“You can’t change the laws of physics, Captain.”

This week I have been unusually tired by the time the kids’ bedtime comes around. So last night, earlier than usual, I snuggled down into my bed and picked up Felix Holt by George Eliot.

I came across the following:

But what is strength? Is it blind wilfulness that sees no terrors, no many-linked conequences, no bruises and wounds of those whose cords it tightens? Is it the narrowness of a brain that conceives no needs differing from its own, and looks to no results beyond the bargains of to-day; that tugs with emphasis for every small purpose, and thinks it weakness to exercise the sublime power of resolved renunciation? There is a sort of subjection which is the peculiar heritage of largeness and of love; and strength is often only another name for willing bondage to irremediable weakness.”

This passage rang bells in my head and I memorized the page and resolved to write about it today. Yesterday, I listened to a very interesting podcast in which Paul Barclay interviews Erik Jensen about his Quarterly Essay entitled The Prosperity Gospel (a different kind of dissection of the 2019 Federal Election). Jensen is more of a biographer than a political commentator and the discussion was more about personality and motivations than about political analysis.

Of course, the title of Jensen’s essay refers to the fact that Morrison is an enthusiastic Pentecostal. According to Jensen, Morrison took his campaign playbook directly from Church methodologies. He called on the faith and fear of his followers and in this way he managed to sidestep the requirement for policies or plans. He also happily accepted that there would be people who would not like him and was content to leave those people behind and ignore what concerned them (blind to the bruises and wounds, etc).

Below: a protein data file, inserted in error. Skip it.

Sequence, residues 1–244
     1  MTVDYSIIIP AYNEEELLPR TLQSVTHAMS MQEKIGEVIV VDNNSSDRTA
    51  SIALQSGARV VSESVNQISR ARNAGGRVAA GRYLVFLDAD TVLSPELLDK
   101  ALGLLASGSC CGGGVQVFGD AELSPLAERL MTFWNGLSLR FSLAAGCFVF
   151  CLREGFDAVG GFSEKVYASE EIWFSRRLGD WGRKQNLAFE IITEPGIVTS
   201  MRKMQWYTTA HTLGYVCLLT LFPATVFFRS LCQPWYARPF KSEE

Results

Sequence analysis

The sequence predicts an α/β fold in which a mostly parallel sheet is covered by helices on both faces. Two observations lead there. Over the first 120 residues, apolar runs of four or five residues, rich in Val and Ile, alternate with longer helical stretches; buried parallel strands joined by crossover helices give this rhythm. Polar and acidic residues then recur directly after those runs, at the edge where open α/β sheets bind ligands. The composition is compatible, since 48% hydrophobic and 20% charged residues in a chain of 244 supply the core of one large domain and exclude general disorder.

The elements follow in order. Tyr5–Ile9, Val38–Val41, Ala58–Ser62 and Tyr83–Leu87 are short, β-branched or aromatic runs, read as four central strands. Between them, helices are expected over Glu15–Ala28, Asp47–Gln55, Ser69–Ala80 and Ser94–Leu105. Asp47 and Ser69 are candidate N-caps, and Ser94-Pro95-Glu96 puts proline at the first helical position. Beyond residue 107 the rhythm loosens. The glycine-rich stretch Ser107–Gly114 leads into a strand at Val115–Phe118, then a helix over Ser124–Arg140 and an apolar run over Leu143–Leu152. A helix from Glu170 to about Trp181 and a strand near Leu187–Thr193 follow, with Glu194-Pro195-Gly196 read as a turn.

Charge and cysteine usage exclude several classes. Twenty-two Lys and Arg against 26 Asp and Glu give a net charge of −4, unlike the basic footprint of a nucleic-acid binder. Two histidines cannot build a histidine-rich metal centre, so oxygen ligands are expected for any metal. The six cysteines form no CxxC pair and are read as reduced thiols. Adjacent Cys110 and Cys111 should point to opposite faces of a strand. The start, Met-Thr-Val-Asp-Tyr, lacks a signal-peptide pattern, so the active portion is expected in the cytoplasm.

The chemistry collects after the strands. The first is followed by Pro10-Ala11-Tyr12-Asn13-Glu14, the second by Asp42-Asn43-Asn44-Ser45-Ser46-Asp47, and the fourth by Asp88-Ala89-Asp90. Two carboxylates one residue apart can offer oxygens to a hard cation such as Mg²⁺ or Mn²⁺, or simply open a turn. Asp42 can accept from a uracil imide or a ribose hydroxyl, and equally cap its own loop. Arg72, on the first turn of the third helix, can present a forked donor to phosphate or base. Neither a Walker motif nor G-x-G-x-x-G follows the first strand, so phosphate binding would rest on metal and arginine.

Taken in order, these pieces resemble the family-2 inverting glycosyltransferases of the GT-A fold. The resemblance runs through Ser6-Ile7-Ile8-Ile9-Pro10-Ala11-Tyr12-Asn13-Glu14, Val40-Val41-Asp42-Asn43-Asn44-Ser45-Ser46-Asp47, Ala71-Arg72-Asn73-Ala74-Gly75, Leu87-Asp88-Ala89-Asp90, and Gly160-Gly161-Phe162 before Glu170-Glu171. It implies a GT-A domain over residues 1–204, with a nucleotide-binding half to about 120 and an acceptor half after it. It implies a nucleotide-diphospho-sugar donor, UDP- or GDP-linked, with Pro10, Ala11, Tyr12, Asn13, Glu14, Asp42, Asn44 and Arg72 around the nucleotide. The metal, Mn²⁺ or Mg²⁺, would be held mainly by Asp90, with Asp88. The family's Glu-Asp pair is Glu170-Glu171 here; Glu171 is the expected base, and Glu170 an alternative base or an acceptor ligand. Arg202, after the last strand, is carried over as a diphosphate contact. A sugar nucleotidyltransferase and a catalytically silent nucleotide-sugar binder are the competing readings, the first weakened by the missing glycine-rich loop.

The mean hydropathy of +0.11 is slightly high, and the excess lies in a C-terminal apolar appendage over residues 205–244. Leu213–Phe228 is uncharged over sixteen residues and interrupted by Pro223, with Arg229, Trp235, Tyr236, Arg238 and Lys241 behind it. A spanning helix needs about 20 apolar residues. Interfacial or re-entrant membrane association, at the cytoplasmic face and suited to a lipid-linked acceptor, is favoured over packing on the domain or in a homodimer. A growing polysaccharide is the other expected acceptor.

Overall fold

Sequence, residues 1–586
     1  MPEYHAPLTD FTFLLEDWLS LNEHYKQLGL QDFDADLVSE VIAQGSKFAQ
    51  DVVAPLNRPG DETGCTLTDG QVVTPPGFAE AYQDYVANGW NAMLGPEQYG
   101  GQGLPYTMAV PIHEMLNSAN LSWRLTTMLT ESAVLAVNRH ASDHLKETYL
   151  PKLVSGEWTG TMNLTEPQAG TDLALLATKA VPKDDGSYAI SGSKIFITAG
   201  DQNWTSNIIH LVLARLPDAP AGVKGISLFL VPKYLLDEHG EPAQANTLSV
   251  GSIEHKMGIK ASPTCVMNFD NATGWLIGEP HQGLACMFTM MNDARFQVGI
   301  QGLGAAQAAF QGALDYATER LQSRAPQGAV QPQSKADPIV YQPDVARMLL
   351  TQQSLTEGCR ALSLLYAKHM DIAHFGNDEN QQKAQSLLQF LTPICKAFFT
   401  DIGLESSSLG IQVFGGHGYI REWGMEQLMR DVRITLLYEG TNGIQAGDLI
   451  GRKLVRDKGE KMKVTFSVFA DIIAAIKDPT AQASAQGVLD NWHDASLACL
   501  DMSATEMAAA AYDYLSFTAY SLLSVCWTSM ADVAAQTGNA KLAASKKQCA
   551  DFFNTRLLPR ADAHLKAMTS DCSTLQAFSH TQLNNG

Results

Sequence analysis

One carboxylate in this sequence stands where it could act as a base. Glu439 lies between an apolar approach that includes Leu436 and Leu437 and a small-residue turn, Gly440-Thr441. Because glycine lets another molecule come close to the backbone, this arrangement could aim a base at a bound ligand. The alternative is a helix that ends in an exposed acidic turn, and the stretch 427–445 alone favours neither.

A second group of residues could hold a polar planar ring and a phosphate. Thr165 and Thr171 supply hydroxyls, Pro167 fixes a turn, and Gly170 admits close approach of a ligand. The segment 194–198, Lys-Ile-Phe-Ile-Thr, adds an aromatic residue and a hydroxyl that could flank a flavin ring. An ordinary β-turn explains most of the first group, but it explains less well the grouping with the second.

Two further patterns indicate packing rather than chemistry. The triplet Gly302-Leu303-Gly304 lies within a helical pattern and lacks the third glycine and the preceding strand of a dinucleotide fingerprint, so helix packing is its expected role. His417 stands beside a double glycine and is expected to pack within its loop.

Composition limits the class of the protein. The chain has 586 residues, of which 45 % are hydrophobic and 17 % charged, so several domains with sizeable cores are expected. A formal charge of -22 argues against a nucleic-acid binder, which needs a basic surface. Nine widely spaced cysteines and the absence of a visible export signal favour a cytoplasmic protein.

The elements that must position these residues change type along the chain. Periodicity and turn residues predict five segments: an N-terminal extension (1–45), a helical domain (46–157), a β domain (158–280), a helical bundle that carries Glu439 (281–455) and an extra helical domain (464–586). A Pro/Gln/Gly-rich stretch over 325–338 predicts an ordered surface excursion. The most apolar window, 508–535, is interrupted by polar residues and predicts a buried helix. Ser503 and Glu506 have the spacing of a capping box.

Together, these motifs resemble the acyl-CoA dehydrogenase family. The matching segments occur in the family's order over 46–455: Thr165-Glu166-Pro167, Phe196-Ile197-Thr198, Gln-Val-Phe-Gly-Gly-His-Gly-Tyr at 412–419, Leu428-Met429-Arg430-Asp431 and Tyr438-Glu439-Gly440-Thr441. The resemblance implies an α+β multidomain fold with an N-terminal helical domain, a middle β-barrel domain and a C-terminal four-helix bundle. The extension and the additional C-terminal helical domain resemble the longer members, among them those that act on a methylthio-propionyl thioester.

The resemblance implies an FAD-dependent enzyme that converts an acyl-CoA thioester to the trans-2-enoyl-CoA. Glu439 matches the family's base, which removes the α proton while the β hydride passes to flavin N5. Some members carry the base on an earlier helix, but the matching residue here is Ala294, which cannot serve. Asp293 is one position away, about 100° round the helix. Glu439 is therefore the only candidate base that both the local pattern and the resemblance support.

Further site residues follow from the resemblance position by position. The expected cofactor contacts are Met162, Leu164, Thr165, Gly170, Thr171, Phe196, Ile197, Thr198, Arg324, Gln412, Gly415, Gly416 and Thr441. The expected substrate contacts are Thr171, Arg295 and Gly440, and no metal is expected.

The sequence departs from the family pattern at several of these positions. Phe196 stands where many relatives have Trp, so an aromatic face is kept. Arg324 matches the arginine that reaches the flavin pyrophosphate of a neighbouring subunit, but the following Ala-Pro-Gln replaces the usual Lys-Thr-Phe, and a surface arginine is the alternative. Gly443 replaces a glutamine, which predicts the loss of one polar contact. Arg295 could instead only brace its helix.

Shorten, on the other hand, wanted consensus. He aimed to please as many people as he could (which sounds like the obvious way to win an election) but in doing so, only seemed to anger more. According to Jensen, Shorten is too needy for the Australian public. Jensen describes Shorten’s big love-hungry eyes.

En masse, Jensen theorizes, Australians see Morrison as the stronger leader because he has absolute confidence in his own abilities and beliefs and bows to nobody. Shorten came to the election with carefully planned strategy and policy but Morrison led with sheer force of will and self-confidence. While Shorten bleated the details of his plans from a lectern, Morrison got himself on TV by shearing a sheep.

Jensen mournfully asks, if this is the kind of leader we go for, how will we ever get away from Sociopaths?

According to a definition online strength is “the capacity of an object or substance to withstand great force or pressure.” This definition of strength describes a non-porous wall. But leadership (the kind of strength we want in a prime minister) is not a wall. Leadership should act more like the liver – accepting the flow of ideas and then evicting the toxic ones. But to decide what is toxic a great leader must put aside ego.

One little article on Forbes.com says that: “Being a great leader requires constant personal and professional development, regular transparent feedback from the team, self-reflection and taking action on feedback received. Great leaders are rarely satisfied with their performance.”

A great leader should show confidence but arrogance is a step too far.

Where is the boundary between arrogance and confidence? Apparently a recent prime minister declared (in relation to changes needed in the power grid) that Australian law is more important than mathematical laws. This incredible statement reminds me of reading Herodotus when I did Ancient History in high school. According to Herodotus, Xerxes – the King of Persia, had a body of water (the Hellespont) whipped because it flooded and washed away his bridge of boats.

We humans are not stronger than nature. The persistent indifference to all the evidence around Climate Change is arrogance, pure and simple. To insist on coal in the face of every advice to the contrary; to demonize alternative energies by suing wind farms; and to paint electric cars as impractical… it is all walking against the strength of a flooding stream.

Morrison’s government is whipping the river of progress and looking like an ancient fool.

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